Throughout 'Chernobyl', what's made the miniseries so striking is its incredible attention to detail.

There's been numerous Twitter threads from both nuclear scientists and people who remember the incident in 1986. Even Stellan Skarsgard, who plays Boris Shcherbina, said that he used his own memories of the incident in his native Sweden to inform his performance. Minute details like the small bin Jared Harris empties out in the first episode, to the watches and the general pallor that surrounded Chernobyl and Pripyat. It's all there, on screen, for us to marvel at.

Yet, the final episode, 'Vichnaya Pamyat', instead focuses on what comes after seeing the truth with our own eyes. Like the trio of witnesses at the show trial - Emily Watson as Ulana Khomyuk, Jared Harris as Valery Lagasov, and the aforementioned Skarsgard - we have seen everything that happened in Chernobyl. From the very opening moments, the audience is aware of the horrors involved in the incident, and what it cost in human lives.

There's a moment, and it's mentioned in the trailer, where KGB Chairman Charkov calmly tells Lagasov that in this trailer they will have their villains, their heroes and their truth. Not the truth, their truth. Their version of it. In 'Chernobyl', we're given a glimpse into the Soviet Union that tells us that magical thinking and the kind of willful ignorance that allowed Chernobyl to happen isn't just confined to there. It permeates the very core of the society they live in, where truth cannot come to the surface without it being blunted or whittled away to be more palatable.

Valery Lagasov (Jared Harris) explains what happened in the Chernobyl reactor at the show trialValery Lagasov (Jared Harris) explains what happened in the Chernobyl reactor at the show trial

It's happening again, now, with climate change. It's happening again with the slow decay of democracies across Europe and the US. Christ, Donald Trump's whole schtick is ignoring the truth in front of him and trying to will his own version of reality into existence. 'Chernobyl' could not have come at a more apt moment in our history, but the finale shows us what happens when people try to speak up.

After Lagasov gives a calm, logical explanation for what happened in the control room on the night in question - and really, credit again has to be given to writer Craig Mazin for condensing it down to make it understandable to lay people - we're told that he's faced with a choice. He can either speak up on the flaw with A3-5 and the inherent flaws in RBMK reactors, or he can keep quiet and merely toe the line and ignore what's happening.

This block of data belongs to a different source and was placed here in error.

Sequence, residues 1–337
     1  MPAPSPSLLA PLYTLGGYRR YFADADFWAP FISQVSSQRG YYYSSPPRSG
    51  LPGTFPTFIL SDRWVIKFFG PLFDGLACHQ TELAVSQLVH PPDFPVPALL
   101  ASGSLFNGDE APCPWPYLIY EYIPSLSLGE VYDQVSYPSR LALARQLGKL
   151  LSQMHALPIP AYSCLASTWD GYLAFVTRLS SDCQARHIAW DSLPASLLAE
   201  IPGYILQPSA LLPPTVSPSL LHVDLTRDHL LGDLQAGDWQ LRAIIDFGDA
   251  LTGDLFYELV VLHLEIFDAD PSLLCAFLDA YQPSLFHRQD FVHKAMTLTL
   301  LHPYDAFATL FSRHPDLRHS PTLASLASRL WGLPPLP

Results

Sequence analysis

There's a great scene between Emily Watson and Jared Harris where the two talk about how they can affect change and push for the kind of reforms needed to stop another Chernobyl. Johan Reck's direction isn't subtle, as when we see Harris approach the stand, the camera bounces around the frame. Yet, when he decides to speak the truth, it lines up perfectly. The truth provides focus and stability, but it's only after we realise that it will cost him something.

KGB Chairman Charkov (Alan Williams) confronts Valery Lagasov (Jared Harris)KGB Chairman Charkov (Alan Williams) confronts Valery Lagasov (Jared Harris)

Lagasov is brought into a grimy room, and then confronted by Charkov who laughs in his face and informs him that he will be written out of history and his achievements will be given to "lesser men" for his insolence. In 'Chernobyl', there are no obvious heroes or villains; at least not really. What the likes of Dyatlov, played brilliantly to the end by Paul Ritter, did was no different than what countless other asshole bosses have done over the years. When the explosion happened, everyone was in a state of ignorance - even when it was staring them in the face, and melting it off in the process.

Let's talk about Stellan Skarsgard's performance briefly.

Up until now, his character has been this voice of authority and the muscle behind Lagasov's brains. Yet, that one tender moment between the two of them did more than anything else in the whole series. The pain and the anguish on his face when he talks about standing next to important people, and how he did nothing of note, is matched only by the genuine empathy with which Harris - who really deserves every award going - explains that none of the achievements, such as they were, were possible without his help.

In a series that is littered with such existential horror and a catastrophe on a scale that can be hard to fathom, not even counting that it actually happened, this small human moment carries more emotional weight than any CGI dragon or melting iron throne can. In five episodes, 'Chernobyl' told an exceptionally well-crafted story with a high level of care and detail, filmed with a clear and thoughtful vision, and acted by talented and compelling performers.

That the series ends with a somber choir and a plain, unfettered epilogue as to what happened in the wake of Chernobyl is interesting. All along, people praised how it blended horror with drama so effectively, and made it all the more terrifying that it actually happened. In reality, we weren't watching a horror and we weren't watching a character drama. We were watching a documentary, a faithful account of a disaster that was masked in lies and buried in secrets.


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